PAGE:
Is Germany’s “Stay-At-Home” Bonus Plan Anti-Women?

Starting next year, the German government would like to put a little money in the pockets of stay-at-home parents. The E.U. Commmission in Brussels doesn’t approve, saying the bonus scheme encourages mother's not to rejoin the workforce.

German stay-at-home parents could have a little more
German stay-at-home parents could have a little more
Stefanie Bolzen

BERLIN -- The E.U. Commission has reservations about the bonus that, come 2013, the German government wants to start paying stay-at-home parents. In Germany, critics have dubbed it the "Herdprämie," meaning kitchen-stove bonus.

The European Union's Commissioner for Employment, Social Affairs and Inclusion László Andor told Die Welt that "giving parents an incentive to stay home by giving them money for doing so weakens the work force." Andor said he was surprised that the German government would encourage women to stay at home and look after their children. "The European policy of promoting the presence of women in the working world is absolutely clear," he said.

The bonus could have some undesirable consequences for the German government at the European level because -- within the framework of measures taken to combat the present crisis -- Berlin too has to present national reform programs to the E.U. Commission. Adopting such a bonus could make Germany, which likes to see itself as something of a maverick economically speaking, appear as if it is hobbling its national economy.

A dearth of state-provided daycare

The social minister for the German state of Bavaria, Christine Haderthauer, was outraged by the criticism from Brussels. "The E.U. Commission's sweeping blow to family policy stems from ignorance of the subject," she said. Haderthauer is one of the strongest advocates of the bonus. She pointed out that it's not an either/or situation. "All parents, irrespective of whether or how much they work, would get the bonus if they organize an alternative to daycare centers or other pre-school arrangements for their kids," Haderthauer said.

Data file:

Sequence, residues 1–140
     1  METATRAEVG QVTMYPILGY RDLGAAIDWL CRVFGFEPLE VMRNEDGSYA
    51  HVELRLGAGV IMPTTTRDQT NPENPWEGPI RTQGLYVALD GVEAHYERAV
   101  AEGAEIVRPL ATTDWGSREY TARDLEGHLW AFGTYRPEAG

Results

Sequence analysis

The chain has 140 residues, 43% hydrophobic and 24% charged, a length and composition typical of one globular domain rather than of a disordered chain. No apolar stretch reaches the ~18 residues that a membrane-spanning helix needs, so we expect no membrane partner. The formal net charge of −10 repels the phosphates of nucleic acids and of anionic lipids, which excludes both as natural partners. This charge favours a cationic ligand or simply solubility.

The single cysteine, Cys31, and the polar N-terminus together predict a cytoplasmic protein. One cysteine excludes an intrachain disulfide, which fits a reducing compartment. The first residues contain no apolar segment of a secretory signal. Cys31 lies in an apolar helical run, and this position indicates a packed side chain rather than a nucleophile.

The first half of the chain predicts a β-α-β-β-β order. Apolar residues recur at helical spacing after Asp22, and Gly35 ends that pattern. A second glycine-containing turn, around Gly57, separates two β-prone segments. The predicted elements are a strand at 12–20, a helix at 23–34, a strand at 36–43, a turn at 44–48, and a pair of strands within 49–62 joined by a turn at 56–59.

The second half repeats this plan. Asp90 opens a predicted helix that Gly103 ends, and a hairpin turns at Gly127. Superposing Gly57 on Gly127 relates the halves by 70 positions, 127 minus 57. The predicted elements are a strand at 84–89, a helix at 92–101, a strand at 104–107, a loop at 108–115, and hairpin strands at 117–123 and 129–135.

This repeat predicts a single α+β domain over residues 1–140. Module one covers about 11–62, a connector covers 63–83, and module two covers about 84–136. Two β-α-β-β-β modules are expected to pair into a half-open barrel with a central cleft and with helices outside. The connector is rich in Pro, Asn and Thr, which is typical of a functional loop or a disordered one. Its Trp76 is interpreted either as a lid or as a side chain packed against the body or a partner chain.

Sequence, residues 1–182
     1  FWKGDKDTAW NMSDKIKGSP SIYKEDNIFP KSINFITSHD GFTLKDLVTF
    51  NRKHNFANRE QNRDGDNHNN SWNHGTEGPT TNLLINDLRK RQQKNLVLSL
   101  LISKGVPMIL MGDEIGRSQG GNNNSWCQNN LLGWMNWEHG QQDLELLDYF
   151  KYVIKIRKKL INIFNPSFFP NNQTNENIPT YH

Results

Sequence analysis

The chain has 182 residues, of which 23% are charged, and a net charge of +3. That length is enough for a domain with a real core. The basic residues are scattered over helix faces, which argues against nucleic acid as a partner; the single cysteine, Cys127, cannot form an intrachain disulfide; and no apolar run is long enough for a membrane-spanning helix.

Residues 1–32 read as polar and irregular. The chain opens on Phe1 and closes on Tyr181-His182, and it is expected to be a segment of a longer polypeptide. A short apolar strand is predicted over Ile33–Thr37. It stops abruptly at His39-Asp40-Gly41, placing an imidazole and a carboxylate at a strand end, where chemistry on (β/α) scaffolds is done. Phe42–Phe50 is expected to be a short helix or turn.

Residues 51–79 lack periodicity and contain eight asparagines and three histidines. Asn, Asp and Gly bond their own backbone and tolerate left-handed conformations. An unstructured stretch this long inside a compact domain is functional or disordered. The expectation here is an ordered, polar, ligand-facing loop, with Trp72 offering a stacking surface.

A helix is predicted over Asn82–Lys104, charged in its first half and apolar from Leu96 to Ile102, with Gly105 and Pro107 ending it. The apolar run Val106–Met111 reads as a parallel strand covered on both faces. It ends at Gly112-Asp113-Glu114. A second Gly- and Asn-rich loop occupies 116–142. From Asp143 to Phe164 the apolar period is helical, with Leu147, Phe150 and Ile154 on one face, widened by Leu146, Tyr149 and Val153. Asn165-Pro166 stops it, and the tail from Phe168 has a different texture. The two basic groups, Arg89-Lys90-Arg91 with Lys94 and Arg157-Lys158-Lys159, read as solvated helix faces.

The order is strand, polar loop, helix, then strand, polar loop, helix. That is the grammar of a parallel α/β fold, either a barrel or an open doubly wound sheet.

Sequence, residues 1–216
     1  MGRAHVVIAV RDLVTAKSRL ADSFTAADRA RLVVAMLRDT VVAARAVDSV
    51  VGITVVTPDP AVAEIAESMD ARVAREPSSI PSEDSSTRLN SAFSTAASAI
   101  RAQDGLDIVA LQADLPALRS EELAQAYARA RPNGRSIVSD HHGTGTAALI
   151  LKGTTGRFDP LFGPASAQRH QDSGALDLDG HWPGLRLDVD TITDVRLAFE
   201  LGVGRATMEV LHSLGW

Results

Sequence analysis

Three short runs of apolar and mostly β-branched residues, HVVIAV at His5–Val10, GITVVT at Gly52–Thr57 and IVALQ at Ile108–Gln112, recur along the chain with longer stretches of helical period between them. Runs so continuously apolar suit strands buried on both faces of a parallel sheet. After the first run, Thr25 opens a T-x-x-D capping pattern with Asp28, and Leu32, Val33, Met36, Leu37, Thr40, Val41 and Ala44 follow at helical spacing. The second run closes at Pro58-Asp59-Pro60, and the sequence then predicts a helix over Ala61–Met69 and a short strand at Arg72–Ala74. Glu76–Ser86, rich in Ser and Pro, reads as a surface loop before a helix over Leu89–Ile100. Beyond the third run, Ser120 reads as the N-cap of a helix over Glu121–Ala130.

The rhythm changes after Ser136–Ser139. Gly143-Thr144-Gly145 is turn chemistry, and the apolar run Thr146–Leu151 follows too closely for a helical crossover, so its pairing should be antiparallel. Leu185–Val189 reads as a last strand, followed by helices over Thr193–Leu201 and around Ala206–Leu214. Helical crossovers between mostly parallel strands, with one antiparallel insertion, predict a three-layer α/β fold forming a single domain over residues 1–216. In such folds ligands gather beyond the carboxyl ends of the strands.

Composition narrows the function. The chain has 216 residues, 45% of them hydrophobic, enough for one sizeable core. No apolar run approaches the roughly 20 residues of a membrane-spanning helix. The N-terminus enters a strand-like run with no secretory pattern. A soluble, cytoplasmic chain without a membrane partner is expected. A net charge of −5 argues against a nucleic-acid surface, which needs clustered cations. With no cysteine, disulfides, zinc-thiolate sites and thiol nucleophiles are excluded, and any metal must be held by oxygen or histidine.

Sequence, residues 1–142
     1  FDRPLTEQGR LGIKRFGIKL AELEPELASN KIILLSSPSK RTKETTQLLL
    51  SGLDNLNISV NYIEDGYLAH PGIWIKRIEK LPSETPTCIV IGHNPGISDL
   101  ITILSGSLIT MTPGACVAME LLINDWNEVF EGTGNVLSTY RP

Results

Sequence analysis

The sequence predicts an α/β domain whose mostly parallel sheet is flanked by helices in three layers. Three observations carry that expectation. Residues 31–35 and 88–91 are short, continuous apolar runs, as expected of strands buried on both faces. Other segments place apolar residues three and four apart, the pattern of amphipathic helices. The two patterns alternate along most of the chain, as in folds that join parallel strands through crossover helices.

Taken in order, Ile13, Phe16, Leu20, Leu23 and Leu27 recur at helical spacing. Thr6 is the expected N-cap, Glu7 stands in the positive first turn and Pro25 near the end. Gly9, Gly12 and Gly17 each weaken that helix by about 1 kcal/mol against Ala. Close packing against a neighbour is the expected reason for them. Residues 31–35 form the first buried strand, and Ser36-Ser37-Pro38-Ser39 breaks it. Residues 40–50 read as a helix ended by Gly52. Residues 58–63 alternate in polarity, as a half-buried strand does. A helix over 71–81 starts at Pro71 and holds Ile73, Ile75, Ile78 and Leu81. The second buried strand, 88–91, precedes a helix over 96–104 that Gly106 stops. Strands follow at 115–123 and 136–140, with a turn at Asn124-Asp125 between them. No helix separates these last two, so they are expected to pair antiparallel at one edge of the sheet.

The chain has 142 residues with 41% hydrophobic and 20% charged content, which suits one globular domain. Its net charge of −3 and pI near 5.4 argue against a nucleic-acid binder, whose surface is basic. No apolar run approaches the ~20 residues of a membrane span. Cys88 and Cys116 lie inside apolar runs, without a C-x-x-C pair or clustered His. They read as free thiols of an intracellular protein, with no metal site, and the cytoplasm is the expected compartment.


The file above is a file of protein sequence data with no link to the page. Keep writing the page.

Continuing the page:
In reply to questions from Die Welt, E.U. Commissioner Andor criticized the inadequacy of state-provided daycare in Germany. He said he is aware Germany is working to improve the situation, but "would very much welcome it if they would increase the number of places available in daycare centers." Brussels, in other words, wants more kindergartens, not stay-at-home bonuses.

The German government must now provide a statement in writing that the planned bonus will not get in the way of integrating women fully into the work force. The E.U. Commission is not in a position to impose any sort of punitive measures, but its disapproval of the bonus plan will undoubtedly generate further debate about it in Germany, where it's a source of disagreement not only between the government and the opposition, but also within the government coalition itself.

Read the original article in German

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How Thailand's Lèse-Majesté Law Is Used To Stifle All Protest

Once meant to protect the royal family, the century-old law has become a tool for the military-led government in Bangkok to stamp out all dissent. A new report outlines the abuses.

Pro-Democracy protest at The Criminal Court in Bangkok, Thailand

Laura Valentina Cortés Sierra

"We need to reform the institution of the monarchy in Thailand. It is the root of the problem." Those words, from Thai student activist Juthatip Sirikan, are a clear expression of the growing youth-led movement that is challenging the legitimacy of the government and demanding deep political changes in the Southeast Asian nation. Yet those very same words could also send Sirikan to jail.

Thailand's Criminal Code 'Lèse-Majesté' Article 112 imposes jail terms for defaming, insulting, or threatening the monarchy, with sentences of three to 15 years. This law has been present in Thai politics since 1908, though applied sparingly, only when direct verbal or written attacks against members of the royal family.

But after the May 2014 military coup d'état, Thailand experienced the first wave of lèse-majesté arrests, prosecutions, and detentions of at least 127 individuals arrested in a much wider interpretation of the law.